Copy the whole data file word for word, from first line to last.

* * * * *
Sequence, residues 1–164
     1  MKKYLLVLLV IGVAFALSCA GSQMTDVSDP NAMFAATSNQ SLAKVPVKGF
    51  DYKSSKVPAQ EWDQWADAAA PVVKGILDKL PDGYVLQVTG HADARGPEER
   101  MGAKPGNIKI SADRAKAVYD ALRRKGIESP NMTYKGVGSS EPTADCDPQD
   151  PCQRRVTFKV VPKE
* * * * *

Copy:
Sequence, residues 1–164
     1  MKKYLLVLLV IGVAFALSCA GSQMTDVSDP NAMFAATSNQ SLAKVPVKGF
    51  DYKSSKVPAQ EWDQWADAAA PVVKGILDKL PDGYVLQVTG HADARGPEER
   101  MGAKPGNIKI SADRAKAVYD ALRRKGIESP NMTYKGVGSS EPTADCDPQD
   151  PCQRRVTFKV VPKE